“In my opinion, there is no better form of PR than an ad or spot featuring a popular, trendy rapper,” the 48-year-old designer contends. “This is something we – Karl Kani – have had a lot of success with in the past; the holy trinity of Tupac, Biggie and Nas sporting our gear for a few publicity campaigns. Recently, we’ve worked with all sorts of artists, including Waka Flocka, Angel Haze and Migos. I really do believe engaging with hip-hop’s biggest and brightest – the stars of today – is crucial to getting your message across, realising your vision and setting your brand apart.”
Lauren Matthews, senior account manager at Concrete Projects – a global menswear PR communications agency based in London – agrees. “Celebrity relationships can change a brand overnight,” Matthews says; and having worked with everyone from Drake to Tinie Tempah; Craig David to Beyoncé and Rihanna, she’d know.
“Although a celebrity endorsement or partnership is less about actively promoting a brand than it is about aligning labels with celebrities that will be a good fit for them, an A-list fan can drastically raise the awareness of a brand.” Case in point: “Tinie Tempah and Rihanna are both incredibly well regarded within the fashion and music industries, which naturally makes them incredibly important to brands. Both have very loyal fan bases who aspire to look like them and respect their wardrobe choices.”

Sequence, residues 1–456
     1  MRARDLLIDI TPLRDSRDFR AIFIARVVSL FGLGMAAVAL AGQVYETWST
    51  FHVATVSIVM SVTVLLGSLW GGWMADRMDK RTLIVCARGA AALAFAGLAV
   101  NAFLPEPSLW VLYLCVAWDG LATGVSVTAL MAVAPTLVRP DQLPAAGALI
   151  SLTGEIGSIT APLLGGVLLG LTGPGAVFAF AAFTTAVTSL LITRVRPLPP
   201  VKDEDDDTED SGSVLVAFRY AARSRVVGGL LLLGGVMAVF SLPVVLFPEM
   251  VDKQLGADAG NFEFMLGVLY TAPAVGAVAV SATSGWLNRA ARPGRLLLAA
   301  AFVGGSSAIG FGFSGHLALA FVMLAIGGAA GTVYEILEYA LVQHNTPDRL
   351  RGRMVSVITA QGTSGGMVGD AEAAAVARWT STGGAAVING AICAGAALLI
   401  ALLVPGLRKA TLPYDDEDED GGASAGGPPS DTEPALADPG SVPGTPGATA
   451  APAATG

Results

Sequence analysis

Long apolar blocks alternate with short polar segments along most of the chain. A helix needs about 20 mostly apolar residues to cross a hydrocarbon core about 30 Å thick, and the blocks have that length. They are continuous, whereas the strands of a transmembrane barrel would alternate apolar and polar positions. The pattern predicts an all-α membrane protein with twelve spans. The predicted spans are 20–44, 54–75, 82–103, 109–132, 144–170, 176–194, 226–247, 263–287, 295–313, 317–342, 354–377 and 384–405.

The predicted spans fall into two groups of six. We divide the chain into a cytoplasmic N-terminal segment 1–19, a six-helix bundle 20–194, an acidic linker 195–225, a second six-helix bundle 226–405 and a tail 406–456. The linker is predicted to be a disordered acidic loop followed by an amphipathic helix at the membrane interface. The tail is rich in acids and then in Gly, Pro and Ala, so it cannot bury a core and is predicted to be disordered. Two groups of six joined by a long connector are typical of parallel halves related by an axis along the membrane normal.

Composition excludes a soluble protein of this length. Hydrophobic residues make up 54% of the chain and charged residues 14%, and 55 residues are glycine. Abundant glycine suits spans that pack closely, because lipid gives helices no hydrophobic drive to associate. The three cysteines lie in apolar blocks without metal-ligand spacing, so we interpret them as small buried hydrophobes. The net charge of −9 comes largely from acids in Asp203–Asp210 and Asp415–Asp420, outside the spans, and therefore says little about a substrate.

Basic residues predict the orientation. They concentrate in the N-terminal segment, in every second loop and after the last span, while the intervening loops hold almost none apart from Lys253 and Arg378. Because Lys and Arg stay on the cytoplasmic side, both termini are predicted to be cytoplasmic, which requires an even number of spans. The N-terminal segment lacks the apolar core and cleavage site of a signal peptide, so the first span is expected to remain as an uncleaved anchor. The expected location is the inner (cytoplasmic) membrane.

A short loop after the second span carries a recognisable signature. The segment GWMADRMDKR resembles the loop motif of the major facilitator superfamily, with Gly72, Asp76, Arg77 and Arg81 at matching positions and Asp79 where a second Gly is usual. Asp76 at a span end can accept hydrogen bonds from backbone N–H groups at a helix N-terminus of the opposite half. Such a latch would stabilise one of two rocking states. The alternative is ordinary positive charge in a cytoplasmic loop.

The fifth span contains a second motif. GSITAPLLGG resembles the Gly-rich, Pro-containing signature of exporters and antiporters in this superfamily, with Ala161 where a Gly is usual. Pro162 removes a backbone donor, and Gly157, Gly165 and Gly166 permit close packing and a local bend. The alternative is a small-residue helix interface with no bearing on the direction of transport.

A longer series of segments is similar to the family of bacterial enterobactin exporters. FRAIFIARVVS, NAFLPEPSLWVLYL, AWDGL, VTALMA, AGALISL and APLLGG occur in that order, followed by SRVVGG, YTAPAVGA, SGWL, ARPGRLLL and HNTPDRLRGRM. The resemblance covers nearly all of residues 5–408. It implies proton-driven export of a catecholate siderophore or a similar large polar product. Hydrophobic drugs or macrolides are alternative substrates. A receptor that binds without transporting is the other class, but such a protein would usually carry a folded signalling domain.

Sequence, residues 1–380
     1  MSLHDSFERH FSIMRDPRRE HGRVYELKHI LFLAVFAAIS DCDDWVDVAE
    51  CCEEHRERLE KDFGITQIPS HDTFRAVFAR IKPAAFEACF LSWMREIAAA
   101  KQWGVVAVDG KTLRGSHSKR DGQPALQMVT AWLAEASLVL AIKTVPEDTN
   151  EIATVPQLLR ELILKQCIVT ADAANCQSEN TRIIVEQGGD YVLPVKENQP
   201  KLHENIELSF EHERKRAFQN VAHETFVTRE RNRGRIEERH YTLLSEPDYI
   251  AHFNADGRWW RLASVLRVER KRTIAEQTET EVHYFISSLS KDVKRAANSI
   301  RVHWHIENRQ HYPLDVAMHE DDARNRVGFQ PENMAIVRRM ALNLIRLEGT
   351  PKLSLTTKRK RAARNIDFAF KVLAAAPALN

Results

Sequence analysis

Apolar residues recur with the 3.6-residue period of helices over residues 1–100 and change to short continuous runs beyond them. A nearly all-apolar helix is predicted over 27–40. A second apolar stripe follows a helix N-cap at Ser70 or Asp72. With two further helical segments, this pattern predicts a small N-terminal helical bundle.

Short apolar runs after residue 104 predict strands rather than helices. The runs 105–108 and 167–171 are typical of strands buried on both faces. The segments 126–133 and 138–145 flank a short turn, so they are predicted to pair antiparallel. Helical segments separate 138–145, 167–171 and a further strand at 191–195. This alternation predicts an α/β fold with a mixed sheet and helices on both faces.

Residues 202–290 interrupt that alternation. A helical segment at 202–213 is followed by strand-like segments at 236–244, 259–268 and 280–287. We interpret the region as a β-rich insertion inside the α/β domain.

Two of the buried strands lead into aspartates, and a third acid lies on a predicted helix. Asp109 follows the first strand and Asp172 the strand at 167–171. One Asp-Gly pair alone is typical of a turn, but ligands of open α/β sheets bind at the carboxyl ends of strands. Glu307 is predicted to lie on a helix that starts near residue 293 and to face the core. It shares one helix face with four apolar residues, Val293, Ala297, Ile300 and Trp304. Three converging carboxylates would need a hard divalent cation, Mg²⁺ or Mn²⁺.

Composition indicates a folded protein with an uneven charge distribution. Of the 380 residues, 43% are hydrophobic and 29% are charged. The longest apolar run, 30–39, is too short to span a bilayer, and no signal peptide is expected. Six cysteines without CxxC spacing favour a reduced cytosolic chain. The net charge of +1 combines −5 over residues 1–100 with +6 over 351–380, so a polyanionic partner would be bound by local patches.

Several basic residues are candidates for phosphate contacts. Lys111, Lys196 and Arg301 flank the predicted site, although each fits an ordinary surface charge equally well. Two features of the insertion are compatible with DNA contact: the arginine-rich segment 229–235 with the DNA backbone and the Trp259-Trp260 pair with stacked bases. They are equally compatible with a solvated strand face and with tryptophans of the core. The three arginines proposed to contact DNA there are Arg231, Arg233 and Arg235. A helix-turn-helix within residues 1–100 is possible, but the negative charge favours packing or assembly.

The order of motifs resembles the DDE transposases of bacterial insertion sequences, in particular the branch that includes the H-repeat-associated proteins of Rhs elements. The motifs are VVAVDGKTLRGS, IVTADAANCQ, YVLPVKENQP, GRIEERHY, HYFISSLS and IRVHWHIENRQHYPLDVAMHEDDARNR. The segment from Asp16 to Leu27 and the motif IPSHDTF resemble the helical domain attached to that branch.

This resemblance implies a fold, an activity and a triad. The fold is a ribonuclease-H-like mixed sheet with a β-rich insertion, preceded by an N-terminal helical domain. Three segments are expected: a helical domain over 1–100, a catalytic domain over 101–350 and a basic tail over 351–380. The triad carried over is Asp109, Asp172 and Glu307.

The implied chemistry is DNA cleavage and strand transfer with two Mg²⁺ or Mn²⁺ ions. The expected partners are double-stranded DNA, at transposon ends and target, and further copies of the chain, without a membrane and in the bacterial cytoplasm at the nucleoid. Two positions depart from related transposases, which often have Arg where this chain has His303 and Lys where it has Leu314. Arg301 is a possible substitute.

Affiliating with an artist like Rihanna, who – whether carrying the torch of TLC’s tomboy chic or teaming up with a historic house like Dior – garners so much press coverage and attention, is a attractive proposition for designers. Eager to cash in on the appeal of such stars and influencers, more and more labels are turning to enigmatic performers like Stormzy, Wretch 32 and Skepta (recently named the seventh most stylish man in Britain by GQ) for inspiration, as well as creative collaborations.
Working with companies such as James Long, ADYN, Christopher Shannon and Natural Selection, Matthews reiterates that this is very much the case; pinpointing “an increased interest in grime artists like Skepta; artists who have a very unique personal style.”
As labels and fashion houses take to the gritty glamour of hip-hop’s street style, it’s only natural that runways from London to Rome; Paris to Milan bear increasing resemblance to rap videos, artwork and album covers. Just browsing through the latest look-books of some of this season’s hottest brands drives home the fact that the taste-making power of hip-hop shows no sign of abating
Matthews and Kani certainly think so. Hip-hop, they argue, is primed to make even more headway in high fashion circles – and it is easy to see why. The worlds of fashion and rap share so many similarities and common grounds; share such chemistry, the rapport between the two almost seems scientific – like something KRS-One would spend hours lecturing on. Whether tied by creative, familial or ionic bonds – one thing is certain: rap and fashion make an eye-catching match, going together like the perfect ensemble.